I know I need to drink water. “Drink more water”, they recommend, “eight glasses a day”. I know, on my best day, I’m not drinking enough to satisfy this requirement. My wife, Joy, has a water bottle going all day long; brings it with her when she’s grocery shopping, running errands, and dropping off at preschool. It’s as necessary to have nearby as her keys or her phone.
Truthfully, I’ve never done as great a job with water input. This is not a new problem. I used to suffer “migraines” as a kid growing up, especially in the summer time. In actuality, given the hours a day I would spend on the tennis court under the summer sun (see Tennis Is For Losers), I’m pretty sure that not drinking nearly enough water to support this activity was to blame.
But if a June 2014 Women’s Health Magazine article is correct — and of their advice columns, I’d think hydration is among the few that are gender-neutral — there may be more to correct than just the quantity of my water consumption.
Their high-level points:
- Drink water before working out, not just during. This one requires foresight and discipline. But, like stretching, I should be making hydration part of my pre-run or pre-sport preparation.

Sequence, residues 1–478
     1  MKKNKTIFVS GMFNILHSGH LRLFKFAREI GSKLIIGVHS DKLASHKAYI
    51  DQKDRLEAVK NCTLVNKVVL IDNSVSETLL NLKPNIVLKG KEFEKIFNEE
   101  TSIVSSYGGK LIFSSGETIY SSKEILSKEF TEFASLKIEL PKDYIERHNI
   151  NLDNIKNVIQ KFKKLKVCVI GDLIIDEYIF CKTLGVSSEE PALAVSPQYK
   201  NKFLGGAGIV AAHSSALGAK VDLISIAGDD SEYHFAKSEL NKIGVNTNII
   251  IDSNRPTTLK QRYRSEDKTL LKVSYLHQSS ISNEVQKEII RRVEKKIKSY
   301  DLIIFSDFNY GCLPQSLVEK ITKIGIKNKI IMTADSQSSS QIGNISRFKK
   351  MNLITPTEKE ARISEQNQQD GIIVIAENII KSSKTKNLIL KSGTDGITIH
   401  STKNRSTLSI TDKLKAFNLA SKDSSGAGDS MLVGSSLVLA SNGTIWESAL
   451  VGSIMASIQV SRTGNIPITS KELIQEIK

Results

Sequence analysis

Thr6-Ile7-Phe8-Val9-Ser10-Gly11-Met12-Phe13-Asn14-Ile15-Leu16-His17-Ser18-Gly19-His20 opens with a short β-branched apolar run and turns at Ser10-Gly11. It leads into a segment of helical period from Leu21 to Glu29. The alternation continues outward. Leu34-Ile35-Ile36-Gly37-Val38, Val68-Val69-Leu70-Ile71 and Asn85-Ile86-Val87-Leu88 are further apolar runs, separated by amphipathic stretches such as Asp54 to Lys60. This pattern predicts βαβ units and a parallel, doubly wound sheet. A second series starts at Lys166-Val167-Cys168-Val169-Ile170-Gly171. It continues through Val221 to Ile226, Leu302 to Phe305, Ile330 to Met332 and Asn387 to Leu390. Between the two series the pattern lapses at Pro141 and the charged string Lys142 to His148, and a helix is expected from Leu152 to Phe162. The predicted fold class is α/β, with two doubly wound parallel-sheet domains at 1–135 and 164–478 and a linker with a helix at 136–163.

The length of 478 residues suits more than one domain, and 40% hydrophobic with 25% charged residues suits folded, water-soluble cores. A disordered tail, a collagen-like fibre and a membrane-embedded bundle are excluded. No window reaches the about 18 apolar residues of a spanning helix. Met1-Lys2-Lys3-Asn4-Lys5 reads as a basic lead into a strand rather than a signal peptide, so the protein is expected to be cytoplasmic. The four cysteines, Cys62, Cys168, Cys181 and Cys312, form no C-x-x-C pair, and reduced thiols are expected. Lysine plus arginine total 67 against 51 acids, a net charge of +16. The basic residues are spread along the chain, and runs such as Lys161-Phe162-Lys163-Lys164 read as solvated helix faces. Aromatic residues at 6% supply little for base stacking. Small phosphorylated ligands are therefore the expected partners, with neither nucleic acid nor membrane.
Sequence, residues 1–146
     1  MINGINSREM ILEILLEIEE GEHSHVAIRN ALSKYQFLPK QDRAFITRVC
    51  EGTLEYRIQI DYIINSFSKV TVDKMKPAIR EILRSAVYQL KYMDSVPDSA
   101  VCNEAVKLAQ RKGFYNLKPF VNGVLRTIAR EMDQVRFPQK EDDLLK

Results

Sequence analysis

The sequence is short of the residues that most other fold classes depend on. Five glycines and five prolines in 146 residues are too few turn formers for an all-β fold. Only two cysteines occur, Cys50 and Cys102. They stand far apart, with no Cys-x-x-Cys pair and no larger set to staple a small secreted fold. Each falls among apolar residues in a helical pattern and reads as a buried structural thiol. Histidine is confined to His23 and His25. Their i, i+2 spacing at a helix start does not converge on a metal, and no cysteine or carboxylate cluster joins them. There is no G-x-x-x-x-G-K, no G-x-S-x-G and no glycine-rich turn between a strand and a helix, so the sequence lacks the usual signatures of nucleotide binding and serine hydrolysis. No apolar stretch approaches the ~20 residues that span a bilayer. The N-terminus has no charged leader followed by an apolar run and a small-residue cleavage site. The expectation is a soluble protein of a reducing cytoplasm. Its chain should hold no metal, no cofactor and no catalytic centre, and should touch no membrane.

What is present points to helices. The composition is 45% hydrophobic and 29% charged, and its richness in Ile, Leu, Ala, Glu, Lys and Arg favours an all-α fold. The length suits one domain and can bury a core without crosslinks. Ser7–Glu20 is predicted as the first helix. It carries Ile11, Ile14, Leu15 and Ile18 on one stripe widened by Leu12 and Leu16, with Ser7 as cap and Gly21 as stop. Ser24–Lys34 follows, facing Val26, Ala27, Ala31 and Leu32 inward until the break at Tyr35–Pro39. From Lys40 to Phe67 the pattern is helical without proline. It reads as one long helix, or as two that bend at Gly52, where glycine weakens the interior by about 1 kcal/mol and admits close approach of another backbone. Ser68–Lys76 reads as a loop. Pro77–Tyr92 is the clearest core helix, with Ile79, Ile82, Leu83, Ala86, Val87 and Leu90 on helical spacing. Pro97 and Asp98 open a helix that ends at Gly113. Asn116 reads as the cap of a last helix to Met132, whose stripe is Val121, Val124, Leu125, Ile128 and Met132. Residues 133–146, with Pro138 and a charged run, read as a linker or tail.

- Forget eight glasses a day. My first reaction: I’m redeemed! If you’re eating water-rich fruits and vegetables, part of your daily requirement for H2O is being delivered in other ways. On deeper read: it’s actually recommended you intake half your bodyweight daily in ounces of liquid. So eight is a lowball requirement for actual water intake. I still have work to do.
- Allow yourself coffee and tea. While coffee is no longer the sugar vehicle it used to be for me, it’s still part of my daily routine (particularly at work) and one of the excuses I use to mobilize and take mental breaks throughout the workday. While it’s not as effective as water to fluid up, particularly due to the diuretic effects of caffeine, it is better to have a cup of coffee than to abstain from that liquid altogether.
- Rehydrate regularly, not just during periods of exertion. To this end, my hydro-hack beginning in January has been to keep my favorite energy drink powder with me at my desk, to incentivize myself toward more regular water breaks.
- Make sure your snack cravings are real by drinking water first. This is another really useful tip that I’ve adopted more in the last six months, especially as someone who used to snack unnecessarily just to pass time. A glass of water first helps identify real hunger.
So it’s pretty clear I have my work cut out for me: not simply to drink more water (although that’s likely Step One), but also to make sure that I’m timing my hydration to make it most effective. Fortunately for me, if I’m looking for a good example to follow, I have one living under the same roof.
Image courtesy of khunaspix at FreeDigitalPhotos.net.